The adoption of the Cartagena Protocol on Biosafety, the first international agreement to regulate the transboundary movements of genetically engineered (GE) organisms, resulted from the mobilisation of the international community, including Greenpeace, to place precaution at the core of decision-making related to such movements. The Cartagena Protocol is a subsidiary agreement to the UN Convention on Biological Diversity (CBD), which was signed by 168 governments. The Protocol itself was agreed in Montreal in 2000 and came into force in 2003. To date, 166 countries have ratified it.
In essence, the Biosafety Protocol is an agreement designed to regulate the international trade, handling and use of any genetically engineered organism that may have adverse effects on the conservation and sustainable use of biological diversity, taking also into account risks to human health.
For Greenpeace, the protocol is an important step in the protection of biodiversity. It explicitly recognizes a much needed precautionary approach to the environmental release of GE organisms. The precautionary principle is at the heart of this agreement. This means that countries have the right to ban or restrict the import and use of GE organisms when there is a lack of scientific knowledge or consensus regarding their safety.
The protocol requires that countries are informed and agree in advance to imports of GE crops. This is called the Advance Informed Agreement (AIA). Before countries are allowed to export any genetically engineered organisms destined for intentional introduction into the environment, they must first obtain the importing country's explicit consent.
However, there still remain important unresolved issues for the international community such as the amount of information required on transboundary shipments of GE crops. In case of damages resulting from release of GE crops, the international community has agreed to establish a liability and redress regime within four years.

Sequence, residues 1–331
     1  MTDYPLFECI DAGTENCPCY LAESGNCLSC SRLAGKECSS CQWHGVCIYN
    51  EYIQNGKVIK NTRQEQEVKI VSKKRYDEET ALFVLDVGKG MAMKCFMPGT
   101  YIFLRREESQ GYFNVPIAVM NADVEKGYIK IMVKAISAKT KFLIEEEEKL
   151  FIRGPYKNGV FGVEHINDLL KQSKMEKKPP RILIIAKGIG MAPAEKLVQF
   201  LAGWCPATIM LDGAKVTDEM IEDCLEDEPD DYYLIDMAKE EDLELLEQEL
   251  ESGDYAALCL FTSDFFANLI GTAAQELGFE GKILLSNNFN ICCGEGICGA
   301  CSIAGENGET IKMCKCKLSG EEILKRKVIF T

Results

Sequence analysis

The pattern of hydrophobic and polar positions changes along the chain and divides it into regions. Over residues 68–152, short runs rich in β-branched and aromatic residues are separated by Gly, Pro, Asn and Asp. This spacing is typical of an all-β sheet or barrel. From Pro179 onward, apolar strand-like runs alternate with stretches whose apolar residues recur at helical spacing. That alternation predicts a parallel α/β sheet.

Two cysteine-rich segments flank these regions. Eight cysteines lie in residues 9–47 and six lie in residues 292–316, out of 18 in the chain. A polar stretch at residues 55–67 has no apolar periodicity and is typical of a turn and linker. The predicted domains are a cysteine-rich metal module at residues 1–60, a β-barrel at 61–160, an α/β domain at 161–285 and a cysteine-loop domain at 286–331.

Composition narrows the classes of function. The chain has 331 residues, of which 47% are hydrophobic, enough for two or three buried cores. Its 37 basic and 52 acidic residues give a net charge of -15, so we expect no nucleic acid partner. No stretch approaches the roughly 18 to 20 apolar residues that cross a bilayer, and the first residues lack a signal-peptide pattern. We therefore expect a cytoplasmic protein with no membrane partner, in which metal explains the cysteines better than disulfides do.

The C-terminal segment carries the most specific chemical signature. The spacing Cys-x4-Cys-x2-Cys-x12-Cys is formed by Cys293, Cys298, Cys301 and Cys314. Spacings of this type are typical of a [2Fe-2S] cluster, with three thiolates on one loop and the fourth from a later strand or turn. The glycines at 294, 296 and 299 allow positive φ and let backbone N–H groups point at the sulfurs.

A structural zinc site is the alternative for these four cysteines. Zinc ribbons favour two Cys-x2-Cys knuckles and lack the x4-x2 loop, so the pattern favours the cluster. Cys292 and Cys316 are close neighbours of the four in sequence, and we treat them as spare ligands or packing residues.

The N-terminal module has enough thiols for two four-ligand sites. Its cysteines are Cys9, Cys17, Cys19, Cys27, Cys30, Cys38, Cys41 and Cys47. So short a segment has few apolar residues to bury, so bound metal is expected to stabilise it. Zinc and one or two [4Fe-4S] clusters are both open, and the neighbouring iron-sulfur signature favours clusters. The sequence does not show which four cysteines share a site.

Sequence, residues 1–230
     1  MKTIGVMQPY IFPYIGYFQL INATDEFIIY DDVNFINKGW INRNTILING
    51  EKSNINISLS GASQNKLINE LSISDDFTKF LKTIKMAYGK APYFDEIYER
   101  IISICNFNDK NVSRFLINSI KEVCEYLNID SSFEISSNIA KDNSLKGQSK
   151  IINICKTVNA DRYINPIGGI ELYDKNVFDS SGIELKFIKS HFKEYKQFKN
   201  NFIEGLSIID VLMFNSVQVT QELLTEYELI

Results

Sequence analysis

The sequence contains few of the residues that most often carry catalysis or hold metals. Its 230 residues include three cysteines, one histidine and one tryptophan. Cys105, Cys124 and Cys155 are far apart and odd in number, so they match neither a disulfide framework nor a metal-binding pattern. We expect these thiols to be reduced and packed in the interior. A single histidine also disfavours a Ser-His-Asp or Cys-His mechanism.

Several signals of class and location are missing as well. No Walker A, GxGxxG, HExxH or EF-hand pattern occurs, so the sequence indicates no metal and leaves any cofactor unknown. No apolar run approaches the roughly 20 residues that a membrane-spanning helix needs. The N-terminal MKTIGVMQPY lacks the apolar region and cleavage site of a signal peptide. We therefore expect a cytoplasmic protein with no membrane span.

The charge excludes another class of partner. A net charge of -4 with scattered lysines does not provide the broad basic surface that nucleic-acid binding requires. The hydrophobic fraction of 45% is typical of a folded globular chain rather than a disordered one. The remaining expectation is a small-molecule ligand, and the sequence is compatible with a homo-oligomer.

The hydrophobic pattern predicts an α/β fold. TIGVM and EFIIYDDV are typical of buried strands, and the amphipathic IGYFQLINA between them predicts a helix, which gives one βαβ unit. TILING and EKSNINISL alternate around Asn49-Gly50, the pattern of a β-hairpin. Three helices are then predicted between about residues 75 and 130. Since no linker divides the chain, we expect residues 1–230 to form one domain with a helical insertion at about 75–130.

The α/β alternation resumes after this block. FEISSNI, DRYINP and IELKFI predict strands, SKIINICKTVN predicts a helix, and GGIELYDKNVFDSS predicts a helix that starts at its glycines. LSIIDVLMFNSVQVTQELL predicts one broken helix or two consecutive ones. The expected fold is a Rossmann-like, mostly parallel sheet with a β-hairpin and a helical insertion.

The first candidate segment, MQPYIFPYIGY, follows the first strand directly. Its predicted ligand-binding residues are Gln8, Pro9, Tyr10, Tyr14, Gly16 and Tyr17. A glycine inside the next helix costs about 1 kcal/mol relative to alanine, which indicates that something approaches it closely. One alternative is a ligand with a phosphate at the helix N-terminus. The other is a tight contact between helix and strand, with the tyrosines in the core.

The need of such a strong Biosafety Protocol is illustrated by the genetic contamination of maize in Mexico. This was the first case of genetic pollution in a centre of origin and diversity of a major food crop.
However the US, Argentina and Canada - the very countries that produce some 90 percent of GE crops in the world - have not ratified the Protocol, and are actively working to undermine it. They, along with several other pro-GE countries, are collectively known as the Miami Group.
In spite of the Miami Group's efforts, the Biosafety Protocol is a historic achievement. For the first time under international law, there is an explicit requirement that countries take precautionary measures to prevent GMOs from causing harm to biodiversity and human health.
Many essential biosafety measures have clearly been compromised in the efforts to reach agreement, but the Biosafety Protocol is a step in the right direction. The Protocol, as it stands, lays down minimum standards that must be adhered to. It is now up to all of those who care about the protection of our environment, food security and the preservation of our genetic resources to demand a more rigorous protocol that truly serves its original objectives
Background documents for all Cartagena Protocol meetings on liability and redress negotiations